UNLV football coach’s replacement by Hauck first among local stories

NO. 1 — SANFORD SAYONARA (249 points)

The situation was clear entering the season: Mike Sanford needed to go at least 6-6 and take UNLV to a bowl game or he was out as the Rebels’ football coach. After five losing seasons, change finally occurred at the top of UNLV football.

The day after a 45-17 loss at Air Force on Nov. 14, Sanford was told he would not return next season. He exited with a 16-43 record, 5-7 this season.

At his introductory news conference in December 2004, Sanford said he would take UNLV to impressive heights, but the Rebels never came close.

The Sanford era officially ended Nov. 28 when Omar Clayton tossed a 17-yard touchdown pass to Phillip Payne to beat San Diego State, 28-24.

"This win today is not about me," Sanford said. "It’s not about the coaching staff. It’s about our seniors. It’s about our players.

"I’m very proud of how they played today."

Sanford has since taken over as offensive coordinator at Louisville. UNLV, meanwhile, announced last week the hiring of Bobby Hauck, who in seven years at Montana went 80-17 and reached three national title games in the Football Championship Subdivision.


NO. 2 — AGONY AND THE AGASSI (228 points)

When Andre Agassi’s acclaimed book hit the shelves in early November, the secrets of Las Vegas’ favorite son already had been leaked: He did meth in 1997; he hated tennis, and lost on purpose at times; he wasn’t into first wife Brooke Shields; his dad was incredibly hard on him as a kid.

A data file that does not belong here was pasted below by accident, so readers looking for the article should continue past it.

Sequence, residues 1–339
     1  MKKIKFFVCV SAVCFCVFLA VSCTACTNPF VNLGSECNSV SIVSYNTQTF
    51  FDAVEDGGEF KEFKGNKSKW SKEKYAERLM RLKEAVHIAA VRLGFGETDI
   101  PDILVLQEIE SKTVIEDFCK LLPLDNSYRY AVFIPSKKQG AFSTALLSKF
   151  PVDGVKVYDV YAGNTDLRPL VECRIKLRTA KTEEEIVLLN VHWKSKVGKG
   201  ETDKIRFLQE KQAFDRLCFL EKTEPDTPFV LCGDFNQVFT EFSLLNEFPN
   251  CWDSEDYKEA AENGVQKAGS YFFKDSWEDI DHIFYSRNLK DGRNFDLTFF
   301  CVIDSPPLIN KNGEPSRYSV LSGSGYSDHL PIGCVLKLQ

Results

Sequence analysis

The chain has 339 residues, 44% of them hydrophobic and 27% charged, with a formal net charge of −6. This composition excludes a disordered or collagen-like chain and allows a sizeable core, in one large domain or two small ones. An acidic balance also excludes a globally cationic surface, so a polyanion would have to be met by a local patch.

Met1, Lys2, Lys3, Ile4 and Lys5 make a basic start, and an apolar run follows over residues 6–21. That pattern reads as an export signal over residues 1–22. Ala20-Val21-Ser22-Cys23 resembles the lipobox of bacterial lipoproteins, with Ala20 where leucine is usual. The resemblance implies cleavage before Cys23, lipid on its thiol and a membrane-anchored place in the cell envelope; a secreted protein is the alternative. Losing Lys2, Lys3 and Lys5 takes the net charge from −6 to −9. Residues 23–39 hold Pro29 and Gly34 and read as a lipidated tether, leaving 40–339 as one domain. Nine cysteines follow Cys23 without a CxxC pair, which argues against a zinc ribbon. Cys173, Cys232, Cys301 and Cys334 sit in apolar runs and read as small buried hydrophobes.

No, his 386-page autobiography didn’t hold anything back.

"It flies in the face of how people perceived me," Agassi said of exposing his human side.

"I had demons I had to fight through."

Agassi said that writing the book was a catharsis for his soul.

"I felt it was important to move forward with my life and tell my story," he said.

Agassi told the Las Vegas Review-Journal’s Doug Elfman that the meth story has not hurt his charitable foundation or his Vegas school. He also says wife Steffi Graf is proud.

"She knows the stories of my life. She’s waited anxiously as I figured out what the story of my life was."


NO. 3 UFC 100 (160 POINTS)

In the beginning, it was about a guy wearing one boxing glove and another a jiu-jitsu kimono.

For the sport of mixed martial arts, it was the creation of something that would grow to massive heights in what has been a historic rise into the sports world’s mainstream.

The Ultimate Fighting Championship celebrated its 100th show in July with two championship belts being contested. It mostly will be remembered as the night Brock Lesnar solidified himself as the UFC heavyweight champion.

He also made sure he would be cast as a villain to fans of the organization for as long as he chooses to be a participant.

Lesnar retained the belt by pounding interim champ Frank Mir until the referee called a halt to the bout at 1:48 of the second round. He then got in Mir’s face and taunted the man who beat him in the same cage more than a year before.

"Frank Mir had a horseshoe up his ass, and I told him that a year ago," Lesnar screamed into the microphone in a manner reminiscent of his World Wrestling Entertainment days. "I tore that son of a bitch out and beat the hell out of him with it."